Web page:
Just as in real life, there are debts to be paid in the classroom.  Students must "pay" each month to rent their desk, chair, and pencil box from me.  They also pay a text book "fee" at the beginning of the year.  When students need new pencils, glue sticks, folders, or any other school supply, they can "purchase" these items using their classroom money. 

There are also privileges that may be purchased.  Once a week, during Payroll Pay Day, the merchants open "Mrs. Moorman's General Store."  In the store are items such as Homework Passes, Bathroom Punchcards, and Computer Use Passes.  There are also small treasure chest items that may be purchased as well. 

At times, students may be fined for inappropriate behavior.  Students who do not turn in their homework, are misbehaving, or are generally off task, must pay.  Students who wish to use the bathroom, may pay to do so.

What Do You Need To Get Started?

These are the things that I use for the Classroom Economy in my room:

*  Play money (I got these as a grant from Donors the past I copied some play money from my daughter)
*  Wallets for the students (again, this year, I use some from a Donors Choose grant.  I used plain paper envelopes in the past)
*  Money Till to house the money.  I got mine at Staples.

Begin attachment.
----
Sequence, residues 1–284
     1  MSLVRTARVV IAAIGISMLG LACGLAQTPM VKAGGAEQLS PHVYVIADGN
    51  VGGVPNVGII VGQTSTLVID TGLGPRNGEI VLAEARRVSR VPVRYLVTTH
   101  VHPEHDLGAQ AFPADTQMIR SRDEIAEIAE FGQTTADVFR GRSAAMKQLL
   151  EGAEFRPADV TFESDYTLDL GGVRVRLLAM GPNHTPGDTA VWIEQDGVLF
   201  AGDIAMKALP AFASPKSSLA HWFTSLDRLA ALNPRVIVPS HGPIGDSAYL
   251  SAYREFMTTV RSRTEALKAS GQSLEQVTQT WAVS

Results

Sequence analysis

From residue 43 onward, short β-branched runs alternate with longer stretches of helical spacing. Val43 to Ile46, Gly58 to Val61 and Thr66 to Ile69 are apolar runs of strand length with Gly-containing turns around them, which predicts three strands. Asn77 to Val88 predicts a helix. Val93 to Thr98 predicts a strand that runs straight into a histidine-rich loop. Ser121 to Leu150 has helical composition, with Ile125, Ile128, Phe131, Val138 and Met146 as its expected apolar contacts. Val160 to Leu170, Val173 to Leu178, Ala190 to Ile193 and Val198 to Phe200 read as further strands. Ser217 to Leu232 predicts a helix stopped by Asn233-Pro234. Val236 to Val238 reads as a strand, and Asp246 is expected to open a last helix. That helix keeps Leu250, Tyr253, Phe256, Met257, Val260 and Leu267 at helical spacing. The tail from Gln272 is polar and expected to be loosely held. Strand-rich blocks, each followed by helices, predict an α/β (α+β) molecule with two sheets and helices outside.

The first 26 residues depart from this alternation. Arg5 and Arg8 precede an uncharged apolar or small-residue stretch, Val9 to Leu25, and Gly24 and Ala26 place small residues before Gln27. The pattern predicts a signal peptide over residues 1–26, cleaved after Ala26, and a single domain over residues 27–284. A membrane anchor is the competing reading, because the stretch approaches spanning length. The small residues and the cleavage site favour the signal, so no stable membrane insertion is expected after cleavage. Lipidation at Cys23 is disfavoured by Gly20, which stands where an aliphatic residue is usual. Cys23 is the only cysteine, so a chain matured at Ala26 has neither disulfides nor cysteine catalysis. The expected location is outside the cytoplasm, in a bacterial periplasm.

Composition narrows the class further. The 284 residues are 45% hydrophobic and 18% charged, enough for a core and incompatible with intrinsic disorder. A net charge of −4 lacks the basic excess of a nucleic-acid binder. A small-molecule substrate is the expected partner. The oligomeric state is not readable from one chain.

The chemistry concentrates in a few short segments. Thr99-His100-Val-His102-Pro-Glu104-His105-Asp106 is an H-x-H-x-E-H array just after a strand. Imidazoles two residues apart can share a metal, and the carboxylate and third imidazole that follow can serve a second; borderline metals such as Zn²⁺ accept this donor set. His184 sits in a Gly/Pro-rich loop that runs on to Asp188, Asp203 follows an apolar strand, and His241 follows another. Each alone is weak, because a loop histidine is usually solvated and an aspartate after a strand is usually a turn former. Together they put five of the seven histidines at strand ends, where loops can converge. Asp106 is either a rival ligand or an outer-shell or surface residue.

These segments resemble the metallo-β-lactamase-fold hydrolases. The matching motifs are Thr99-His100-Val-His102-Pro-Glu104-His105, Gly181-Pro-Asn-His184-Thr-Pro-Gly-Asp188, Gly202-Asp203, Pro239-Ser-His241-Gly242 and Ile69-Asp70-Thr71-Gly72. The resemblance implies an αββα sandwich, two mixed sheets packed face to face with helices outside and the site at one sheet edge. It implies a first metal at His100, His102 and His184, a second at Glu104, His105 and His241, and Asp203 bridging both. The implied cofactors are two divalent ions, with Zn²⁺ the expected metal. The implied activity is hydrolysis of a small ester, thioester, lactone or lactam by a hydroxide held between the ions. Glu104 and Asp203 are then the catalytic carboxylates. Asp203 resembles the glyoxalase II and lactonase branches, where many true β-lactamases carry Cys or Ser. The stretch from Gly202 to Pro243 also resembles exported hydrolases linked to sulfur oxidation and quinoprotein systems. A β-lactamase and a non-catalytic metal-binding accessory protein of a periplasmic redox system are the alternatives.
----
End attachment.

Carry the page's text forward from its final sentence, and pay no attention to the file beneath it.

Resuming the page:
A list of Fines, Fees, and Earnings

For more info on how I run this, see these posts:

The Jobs
The Store


  1. Author and 5th grade teacher, Rafe Esquith uses a similar system! Great idea! Thanks for posting.

  2. This year I attempted using a classroom economy system with my 5th graders but failed to be consistent with it because I was in charge of doing it all. I like how you have the students responsible for running the economy system. I was wondering if you have a list that shows what the responsibilities are for each of the student jobs, and if you would mind sharing them?

    Thank you,

  3. I would appreciate a list of responsibilities for each job as well! Thanks for sharing!

    1. I have finally made a blog post about it :)

  4. I extend the idea of money and have my students make our money each year! They make denominations of $1, $5, $10, $20, $50, & $100. That way students can't keep the money from year to year. They have to study, design and produce their money. We also talk about real verses fake! The students then must persuade their classmates to vote on their money! Whoever gets the highest vote wins the right to be used on that money! The students then must cut the money. They hate that! It takes a while!